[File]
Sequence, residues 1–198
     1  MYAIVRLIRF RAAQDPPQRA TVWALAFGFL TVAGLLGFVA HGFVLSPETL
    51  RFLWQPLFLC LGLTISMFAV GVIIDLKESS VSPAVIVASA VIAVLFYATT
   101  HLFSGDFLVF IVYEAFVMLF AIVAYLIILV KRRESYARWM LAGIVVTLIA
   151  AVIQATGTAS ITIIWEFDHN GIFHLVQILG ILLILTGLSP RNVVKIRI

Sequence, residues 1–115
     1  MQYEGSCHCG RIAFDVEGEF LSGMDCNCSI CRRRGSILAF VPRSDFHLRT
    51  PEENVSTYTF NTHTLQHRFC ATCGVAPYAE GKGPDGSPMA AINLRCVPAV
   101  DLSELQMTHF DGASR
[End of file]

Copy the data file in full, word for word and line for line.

Sequence, residues 1–198
     1  MYAIVRLIRF RAAQDPPQRA TVWALAFGFL TVAGLLGFVA HGFVLSPETL
    51  RFLWQPLFLC LGLTISMFAV GVIIDLKESS VSPAVIVASA VIAVLFYATT
   101  HLFSGDFLVF IVYEAFVMLF AIVAYLIILV KRRESYARWM LAGIVVTLIA
   151  AVIQATGTAS ITIIWEFDHN GIFHLVQILG ILLILTGLSP RNVVKIRI

Sequence, residues 1–115
     1  MQYEGSCHCG RIAFDVEGEF LSGMDCNCSI CRRRGSILAF VPRSDFHLRT
    51  PEENVSTYTF NTHTLQHRFC ATCGVAPYAE GKGPDGSPMA AINLRCVPAV
   101  DLSELQMTHF DGASR